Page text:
This studio is a valuable cultural resource in the Highland Park neighborhood. In the last 12 years it has presented over 300 shows in the Northeast L.A. area that primarily focus on Latino artists of Mexican and Central American descent whose work has not been represented in mainstream galleries. As stated on the studio’s website, “the showing of multicultural arts on a monthly basis in a working class community can go a long way in educating people to the importance of diverse art in our lives.” In addition to exhibiting works of art, the studio conducts monthly poetry readings for community members and guest poets to read their creations, and holds weekly classical guitar lessons by a master guitarist for beginning to advanced players. The Avenue 50 Studio deserves this 2014 award for its ability “to build bridges of cultural understanding through artistic expressions” that reflect and enhance the Highland Park community.
This single story Craftsman sits high above the street and is once again inhabitable after a new foundation, new roof and a welcome paint job. It features an extended porch roof that is supported by two Tuscan columns. The wooden porch is original and the front entrance has been replaced with a period appropriate door. A light and dark brown color palette and orange trim provide the final touches to this attractive home. Leading down to the street is the original curved walkway with brick siding and concrete steps. The tremendous amount of work and commitment to renovating the property is commendable and truly deserving of the 2014 award.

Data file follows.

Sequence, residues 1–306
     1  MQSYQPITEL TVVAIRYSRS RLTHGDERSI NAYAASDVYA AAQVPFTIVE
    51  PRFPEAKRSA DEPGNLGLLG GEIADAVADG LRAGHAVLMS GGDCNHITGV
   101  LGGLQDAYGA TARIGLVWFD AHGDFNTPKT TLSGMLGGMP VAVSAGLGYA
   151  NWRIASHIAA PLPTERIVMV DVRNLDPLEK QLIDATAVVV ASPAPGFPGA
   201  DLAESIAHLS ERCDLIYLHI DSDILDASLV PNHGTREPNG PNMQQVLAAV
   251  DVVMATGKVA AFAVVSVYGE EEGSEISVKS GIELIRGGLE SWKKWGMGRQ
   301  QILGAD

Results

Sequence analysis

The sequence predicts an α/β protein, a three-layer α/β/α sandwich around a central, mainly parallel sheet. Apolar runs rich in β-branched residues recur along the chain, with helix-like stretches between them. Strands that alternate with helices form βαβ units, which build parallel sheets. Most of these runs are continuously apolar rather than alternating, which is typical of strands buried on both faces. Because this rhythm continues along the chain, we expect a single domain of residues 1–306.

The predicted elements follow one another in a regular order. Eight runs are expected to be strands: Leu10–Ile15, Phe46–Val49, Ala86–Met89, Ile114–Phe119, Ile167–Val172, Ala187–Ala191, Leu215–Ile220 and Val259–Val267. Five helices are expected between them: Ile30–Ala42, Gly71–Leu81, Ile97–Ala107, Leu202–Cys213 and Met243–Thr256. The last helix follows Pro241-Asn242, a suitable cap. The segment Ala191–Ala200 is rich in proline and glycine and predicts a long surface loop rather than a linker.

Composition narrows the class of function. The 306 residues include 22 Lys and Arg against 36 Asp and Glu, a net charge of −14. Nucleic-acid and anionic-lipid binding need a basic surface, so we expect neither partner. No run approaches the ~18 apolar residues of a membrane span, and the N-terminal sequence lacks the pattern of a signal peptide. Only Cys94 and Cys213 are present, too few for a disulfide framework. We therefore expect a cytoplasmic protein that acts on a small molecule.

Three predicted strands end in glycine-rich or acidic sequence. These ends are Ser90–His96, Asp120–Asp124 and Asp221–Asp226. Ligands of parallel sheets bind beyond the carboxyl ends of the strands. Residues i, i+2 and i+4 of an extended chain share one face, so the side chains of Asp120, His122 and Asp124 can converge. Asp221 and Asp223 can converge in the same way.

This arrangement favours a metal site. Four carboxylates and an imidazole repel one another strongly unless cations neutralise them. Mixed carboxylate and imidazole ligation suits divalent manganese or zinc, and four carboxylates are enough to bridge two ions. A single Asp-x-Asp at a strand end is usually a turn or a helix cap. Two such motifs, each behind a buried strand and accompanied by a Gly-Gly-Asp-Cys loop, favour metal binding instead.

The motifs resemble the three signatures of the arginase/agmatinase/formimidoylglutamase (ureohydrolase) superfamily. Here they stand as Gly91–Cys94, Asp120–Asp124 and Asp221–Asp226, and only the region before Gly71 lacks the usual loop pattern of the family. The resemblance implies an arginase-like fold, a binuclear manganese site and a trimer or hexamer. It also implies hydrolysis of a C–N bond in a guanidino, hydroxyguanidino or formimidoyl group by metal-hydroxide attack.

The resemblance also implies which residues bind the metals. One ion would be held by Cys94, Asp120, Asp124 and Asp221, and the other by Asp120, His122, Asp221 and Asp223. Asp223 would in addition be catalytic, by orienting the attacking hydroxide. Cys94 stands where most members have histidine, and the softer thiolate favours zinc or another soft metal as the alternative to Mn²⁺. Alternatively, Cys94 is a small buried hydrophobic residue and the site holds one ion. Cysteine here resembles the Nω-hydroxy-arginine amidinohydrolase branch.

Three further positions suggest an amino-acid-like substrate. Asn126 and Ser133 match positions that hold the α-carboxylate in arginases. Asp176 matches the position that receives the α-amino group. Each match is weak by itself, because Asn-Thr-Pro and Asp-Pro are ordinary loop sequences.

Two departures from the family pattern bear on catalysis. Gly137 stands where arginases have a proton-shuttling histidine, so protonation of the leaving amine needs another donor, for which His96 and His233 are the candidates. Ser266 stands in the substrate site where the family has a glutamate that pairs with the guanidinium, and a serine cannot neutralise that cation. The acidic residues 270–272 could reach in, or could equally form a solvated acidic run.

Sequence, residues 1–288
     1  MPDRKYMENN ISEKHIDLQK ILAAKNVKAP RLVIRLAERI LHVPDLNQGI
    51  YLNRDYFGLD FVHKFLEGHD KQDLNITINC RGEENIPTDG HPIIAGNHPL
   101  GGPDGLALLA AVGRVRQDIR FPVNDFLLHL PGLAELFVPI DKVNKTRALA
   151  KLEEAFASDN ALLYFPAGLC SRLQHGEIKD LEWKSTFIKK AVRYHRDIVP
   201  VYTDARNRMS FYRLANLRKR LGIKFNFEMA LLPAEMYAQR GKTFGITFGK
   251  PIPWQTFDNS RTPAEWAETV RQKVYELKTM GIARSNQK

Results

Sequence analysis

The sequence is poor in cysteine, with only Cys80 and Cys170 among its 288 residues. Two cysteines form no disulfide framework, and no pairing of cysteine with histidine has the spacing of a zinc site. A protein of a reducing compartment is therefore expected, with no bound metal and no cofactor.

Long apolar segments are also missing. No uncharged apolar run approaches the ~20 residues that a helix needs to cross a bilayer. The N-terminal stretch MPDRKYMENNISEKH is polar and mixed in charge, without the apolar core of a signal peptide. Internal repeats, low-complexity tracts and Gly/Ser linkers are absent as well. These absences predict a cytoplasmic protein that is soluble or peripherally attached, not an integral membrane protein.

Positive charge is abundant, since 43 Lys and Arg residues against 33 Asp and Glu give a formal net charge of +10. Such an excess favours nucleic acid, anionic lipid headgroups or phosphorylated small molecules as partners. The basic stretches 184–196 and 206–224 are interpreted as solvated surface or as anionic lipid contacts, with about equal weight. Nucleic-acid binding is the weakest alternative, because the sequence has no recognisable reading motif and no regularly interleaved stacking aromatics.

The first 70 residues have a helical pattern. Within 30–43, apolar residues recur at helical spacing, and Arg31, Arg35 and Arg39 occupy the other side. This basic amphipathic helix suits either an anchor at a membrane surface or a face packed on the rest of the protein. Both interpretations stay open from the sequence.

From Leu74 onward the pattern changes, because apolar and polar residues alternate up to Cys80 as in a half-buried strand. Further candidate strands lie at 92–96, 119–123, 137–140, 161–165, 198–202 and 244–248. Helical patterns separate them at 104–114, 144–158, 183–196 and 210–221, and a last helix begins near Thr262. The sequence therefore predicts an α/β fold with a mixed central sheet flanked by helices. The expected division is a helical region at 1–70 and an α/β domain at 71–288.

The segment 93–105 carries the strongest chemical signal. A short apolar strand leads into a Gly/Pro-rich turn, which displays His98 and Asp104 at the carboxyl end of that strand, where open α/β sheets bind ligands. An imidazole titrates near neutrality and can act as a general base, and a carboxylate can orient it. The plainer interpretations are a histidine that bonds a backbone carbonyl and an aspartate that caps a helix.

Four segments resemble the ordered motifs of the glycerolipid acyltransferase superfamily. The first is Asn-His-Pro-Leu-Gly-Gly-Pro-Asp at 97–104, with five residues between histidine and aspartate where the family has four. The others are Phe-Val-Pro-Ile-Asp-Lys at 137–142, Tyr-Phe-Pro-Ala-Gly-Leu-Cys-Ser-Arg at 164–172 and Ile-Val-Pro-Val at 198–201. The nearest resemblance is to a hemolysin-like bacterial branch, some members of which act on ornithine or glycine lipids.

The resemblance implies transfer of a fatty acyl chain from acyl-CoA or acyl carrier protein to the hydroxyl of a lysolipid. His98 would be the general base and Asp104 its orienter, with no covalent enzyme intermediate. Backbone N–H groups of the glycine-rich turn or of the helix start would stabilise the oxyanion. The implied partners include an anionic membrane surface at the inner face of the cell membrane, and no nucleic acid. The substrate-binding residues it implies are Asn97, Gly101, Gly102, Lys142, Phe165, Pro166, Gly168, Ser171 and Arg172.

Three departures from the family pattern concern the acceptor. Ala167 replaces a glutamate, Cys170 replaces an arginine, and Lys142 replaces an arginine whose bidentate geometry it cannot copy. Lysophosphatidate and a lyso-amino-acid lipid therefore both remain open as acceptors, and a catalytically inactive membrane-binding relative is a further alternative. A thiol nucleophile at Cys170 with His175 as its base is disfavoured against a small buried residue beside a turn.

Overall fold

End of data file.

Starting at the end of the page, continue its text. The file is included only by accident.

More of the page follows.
The restoration of this 1921 cottage turned a dilapidated structure into a preservationist’s delight. The colonial influenced residence features a protruding classical front porch highlighted by four Tuscan columns. The original front door has lites on either side and the concrete front porch has founded edges. The white paint on the small clapboard siding and Tuscan columns is offset by blue and grey trim. The pleasing results of this undertaking display pride of ownership and are definitely deserving of the 2014 award.
This front gabled Craftsman features a wide front porch with four Tuscan columns that are supported by concrete pillars. The owner did a complete renovation that included de-stuccoing the house and replacing nearly half of the clapboard siding. All the windows were recreated by using a single window that had been left under the house. A beautiful shade of salmon and a complimentary light green and white trim have breathed new life into this charming home. A Craftsman style wooden fence completes the picture. The owners are to be commended for their dedication to historic integrity in the renovation of this property and are truly deserving of the 2014 award.
This same home won in 1993 for sensitively restoring brickwork that had been damaged in the 1987 earthquake. Through the years this home has been lovingly maintained and was again nominated this year. This single story Craftsman is highlighted by four large brick piers that support the front entrance. The concrete porch has a rounded edge that sits above a brick foundation. The earth tone that covers the entire house harkens back to the original Craftsman ideal that tried to blend the structure into the surrounding land. The simple elegance of this home has been lovingly cared for and is truly deserving of the 2014 award.
This 1886 Queen Anne Victorian sat vacant and almost invisible for many years. Through the efforts of the Garvanza Improvement Association and the complete dedication of the owner, the Dr. Smith House has been returned to its turn of the century glory. Visible once again are the tall Italianate windows, decorative fretwork surrounding the numerous gables, and the spindled porch columns. The concrete Tuscan columns that lined the main entrance are once again standing proud. A cottage that was built in 1920 was also lovingly restored. The tremendous undertaking that went into the sensitive restoration of one of the highlights of Garvanza is truly deserving of the 2014 award.